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MPs for Sale? Estimating Returns to Office in Post-War British Politics

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  • Eggers, Andy
  • Hainmueller, Jens

Abstract

While the role of money in policymaking is a central question in political economy research, surprisingly little attention has been given to the rents politicians actually derive from politics. We use both matching and a regression discontinuity design to analyze an original dataset on the estates of recently deceased British politicians. We find that serving in Parliament roughly doubled the wealth at death of Conservative MPs but had no discernible effect on the wealth of Labour MPs. We argue that Conservative MPs profited from office in a lax regulatory environment by using their political positions to obtain outside work as directors, consultants, and lobbyists, both while in office and after retirement. Our results are consistent with anecdotal evidence on MPs' outside financial dealings but suggest that the magnitude of Conservatives' financial gains from office was larger than has been appreciated.

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Bibliographic Info

Paper provided by University Library of Munich, Germany in its series MPRA Paper with number 7892.

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Date of creation: 22 Mar 2008
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Handle: RePEc:pra:mprapa:7892

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Keywords: British Politics; returns to office; rents from office; political economy; money and politics; regression discontinuity;

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  1. Tim Besley & Stephen Coate, . ""An Economic Model of Representative Democracy''," CARESS Working Papres 95-02, University of Pennsylvania Center for Analytic Research and Economics in the Social Sciences.
  2. Menchik, Paul L & David, Martin, 1983. "Income Distribution, Lifetime Savings, and Bequests," American Economic Review, American Economic Association, vol. 73(4), pages 672-90, September.
  3. Gorodnichenko, Yuriy & Sabirianova, Klara, 2006. "Public Sector Pay and Corruption: Measuring Bribery from Micro Data," CEPR Discussion Papers 5585, C.E.P.R. Discussion Papers.
  4. Francesco Caselli & Massimo Morelli, 2000. "Bad politicians," Discussion Paper / Institute for Empirical Macroeconomics 134, Federal Reserve Bank of Minneapolis.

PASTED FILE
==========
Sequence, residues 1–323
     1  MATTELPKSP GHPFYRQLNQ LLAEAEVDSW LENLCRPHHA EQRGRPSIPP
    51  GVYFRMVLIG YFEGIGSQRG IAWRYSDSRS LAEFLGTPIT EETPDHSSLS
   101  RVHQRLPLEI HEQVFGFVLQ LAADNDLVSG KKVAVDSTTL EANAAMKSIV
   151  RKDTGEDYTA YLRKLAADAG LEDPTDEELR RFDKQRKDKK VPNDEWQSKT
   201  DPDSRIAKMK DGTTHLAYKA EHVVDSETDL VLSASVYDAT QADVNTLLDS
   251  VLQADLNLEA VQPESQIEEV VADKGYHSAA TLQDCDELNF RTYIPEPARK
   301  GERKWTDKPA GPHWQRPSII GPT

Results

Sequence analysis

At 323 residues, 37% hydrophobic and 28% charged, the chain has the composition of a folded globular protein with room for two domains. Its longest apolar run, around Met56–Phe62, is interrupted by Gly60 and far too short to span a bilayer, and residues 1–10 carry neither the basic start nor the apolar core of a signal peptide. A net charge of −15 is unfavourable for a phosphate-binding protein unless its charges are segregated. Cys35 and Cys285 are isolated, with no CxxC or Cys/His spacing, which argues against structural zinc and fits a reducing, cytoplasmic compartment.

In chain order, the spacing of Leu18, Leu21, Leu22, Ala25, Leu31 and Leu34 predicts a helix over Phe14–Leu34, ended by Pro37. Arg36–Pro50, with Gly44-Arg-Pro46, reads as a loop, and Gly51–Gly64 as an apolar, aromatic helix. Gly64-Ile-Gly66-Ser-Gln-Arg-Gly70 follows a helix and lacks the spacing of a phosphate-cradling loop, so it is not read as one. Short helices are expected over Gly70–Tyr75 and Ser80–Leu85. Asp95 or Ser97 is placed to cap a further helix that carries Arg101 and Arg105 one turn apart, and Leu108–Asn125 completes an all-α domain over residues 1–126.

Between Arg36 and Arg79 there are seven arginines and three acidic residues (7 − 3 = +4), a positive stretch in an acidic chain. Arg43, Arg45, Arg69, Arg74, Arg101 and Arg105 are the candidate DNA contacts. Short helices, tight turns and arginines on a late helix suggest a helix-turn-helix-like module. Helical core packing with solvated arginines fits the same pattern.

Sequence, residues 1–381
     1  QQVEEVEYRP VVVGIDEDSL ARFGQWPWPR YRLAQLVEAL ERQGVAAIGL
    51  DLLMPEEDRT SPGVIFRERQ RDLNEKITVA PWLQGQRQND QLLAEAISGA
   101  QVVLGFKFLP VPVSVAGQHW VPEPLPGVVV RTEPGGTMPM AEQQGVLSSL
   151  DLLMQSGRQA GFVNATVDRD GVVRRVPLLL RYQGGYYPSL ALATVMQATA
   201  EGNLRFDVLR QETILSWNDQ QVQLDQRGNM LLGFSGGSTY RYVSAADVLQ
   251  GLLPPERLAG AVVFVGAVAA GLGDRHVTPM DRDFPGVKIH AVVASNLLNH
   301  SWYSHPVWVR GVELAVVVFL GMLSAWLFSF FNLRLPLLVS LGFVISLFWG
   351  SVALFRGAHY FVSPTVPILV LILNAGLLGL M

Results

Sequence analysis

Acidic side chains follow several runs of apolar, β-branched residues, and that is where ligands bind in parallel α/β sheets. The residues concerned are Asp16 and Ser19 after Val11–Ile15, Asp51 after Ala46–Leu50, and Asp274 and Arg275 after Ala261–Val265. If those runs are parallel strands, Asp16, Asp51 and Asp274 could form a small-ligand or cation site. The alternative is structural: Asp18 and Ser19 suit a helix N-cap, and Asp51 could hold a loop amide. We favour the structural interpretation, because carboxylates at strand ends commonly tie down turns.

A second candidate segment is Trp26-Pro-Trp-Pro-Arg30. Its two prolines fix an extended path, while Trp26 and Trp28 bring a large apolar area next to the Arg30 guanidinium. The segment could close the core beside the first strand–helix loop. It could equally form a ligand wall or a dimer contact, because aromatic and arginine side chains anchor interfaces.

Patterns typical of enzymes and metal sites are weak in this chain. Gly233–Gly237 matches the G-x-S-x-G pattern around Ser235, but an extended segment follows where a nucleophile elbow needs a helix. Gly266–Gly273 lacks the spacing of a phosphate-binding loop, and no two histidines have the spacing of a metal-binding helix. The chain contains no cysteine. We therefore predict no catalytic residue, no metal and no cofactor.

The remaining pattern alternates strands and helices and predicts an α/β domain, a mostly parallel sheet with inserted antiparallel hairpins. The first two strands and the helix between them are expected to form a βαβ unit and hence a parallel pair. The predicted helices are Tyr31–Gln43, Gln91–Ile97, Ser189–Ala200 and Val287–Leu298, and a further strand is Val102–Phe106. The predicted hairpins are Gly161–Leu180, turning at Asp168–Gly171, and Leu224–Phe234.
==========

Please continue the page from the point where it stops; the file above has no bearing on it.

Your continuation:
5. Osborne, Martin J & Slivinski, Al, 1996. "A Model of Political Competition with Citizen-Candidates," The Quarterly Journal of Economics, MIT Press, vol. 111(1), pages 65-96, February.
  6. Mattozzi, Andrea & Merlo, Antonio, 2008. "Political careers or career politicians?," Journal of Public Economics, Elsevier, vol. 92(3-4), pages 597-608, April.
  7. Timothy Besley, 2005. "Political Selection," Journal of Economic Perspectives, American Economic Association, vol. 19(3), pages 43-60, Summer.
  8. Matthias Messner & Mattias Polborn, 2003. "Paying Politicians," Working Papers 246, IGIER (Innocenzo Gasparini Institute for Economic Research), Bocconi University.
  9. Daniel Diermeier & Michael Keane & Antonio Merlo, 2004. "A Political Economy Model of Congressional Careers," Discussion Papers 1387, Northwestern University, Center for Mathematical Studies in Economics and Management Science.
  10. Guido Imbens & Thomas Lemieux, 2007. "Regression Discontinuity Designs: A Guide to Practice," NBER Working Papers 13039, National Bureau of Economic Research, Inc.
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Cited by:
  1. Andreas Peichl & Nico Pestel & Sebastian Siegloch, 2013. "The politicians’ wage gap: insights from German members of parliament," Public Choice, Springer, vol. 156(3), pages 653-676, September.
  2. Heléne Lundqvist, 2013. "Is it worth it? On the returns to holding political office," Working Papers 2013/14, Institut d'Economia de Barcelona (IEB).
  3. Raymond Fisman & Florian Schulz & Vikrant Vig, 2012. "Private Returns to Public Office," NBER Working Papers 18095, National Bureau of Economic Research, Inc.
  4. Osipian, Ararat, 2007. "“Feed from the Service”: Corruption and Coercion in the State—University Relations in Central Eurasia," MPRA Paper 10818, University Library of Munich, Germany.
  5. Jon H. Fiva & Olle Folke & Rune J. Sørensen, 2013. "The Power of Parties," CESifo Working Paper Series 4119, CESifo Group Munich.

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